This article examines changes in tobacco quitlines between 2005 and 2006. Tobacco quitlines have been shown to be an effective, lower-cost method to help smokers quit. Quitlines are more effective than self-help materials, single-session counseling, or other minimal interventions.
The authors analyzed data from the North American Quitline Consortium in 2005 and 2006, which surveys state and provincial quitlines. The response rate in both 2005 and 2006 was 100 percent. Authors also analyzed the per capita cost of quitlines using United States census data and examined the reach of quitlines and cost per smoker using data from the Behavioral Risk Factor Surveillance System.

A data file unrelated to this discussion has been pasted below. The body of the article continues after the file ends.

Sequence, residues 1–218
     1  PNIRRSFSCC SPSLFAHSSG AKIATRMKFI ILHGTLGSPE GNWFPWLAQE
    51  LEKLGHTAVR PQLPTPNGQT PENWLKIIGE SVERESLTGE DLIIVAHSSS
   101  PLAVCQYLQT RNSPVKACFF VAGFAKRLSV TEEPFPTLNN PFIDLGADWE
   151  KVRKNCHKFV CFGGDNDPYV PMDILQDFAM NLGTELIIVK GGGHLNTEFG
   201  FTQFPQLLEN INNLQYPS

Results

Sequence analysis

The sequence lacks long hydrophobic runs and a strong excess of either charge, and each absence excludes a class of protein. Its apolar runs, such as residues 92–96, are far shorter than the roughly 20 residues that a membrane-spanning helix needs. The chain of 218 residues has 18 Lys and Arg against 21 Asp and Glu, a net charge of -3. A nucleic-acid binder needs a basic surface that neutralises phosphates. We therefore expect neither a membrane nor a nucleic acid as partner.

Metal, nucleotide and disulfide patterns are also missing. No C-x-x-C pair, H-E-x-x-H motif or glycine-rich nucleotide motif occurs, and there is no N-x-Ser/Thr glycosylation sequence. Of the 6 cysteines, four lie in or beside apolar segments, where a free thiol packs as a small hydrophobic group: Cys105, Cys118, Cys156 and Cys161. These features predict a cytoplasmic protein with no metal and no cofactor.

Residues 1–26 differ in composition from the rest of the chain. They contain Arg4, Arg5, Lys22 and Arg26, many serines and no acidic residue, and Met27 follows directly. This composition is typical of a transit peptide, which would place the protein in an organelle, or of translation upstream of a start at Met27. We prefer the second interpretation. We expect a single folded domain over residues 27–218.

The reach, budget and number of quitlines have increased between 2005 and 2006. While quitlines are an effective means to help smokers quit, they must continue to increase their reach to reach goals set by the CDC.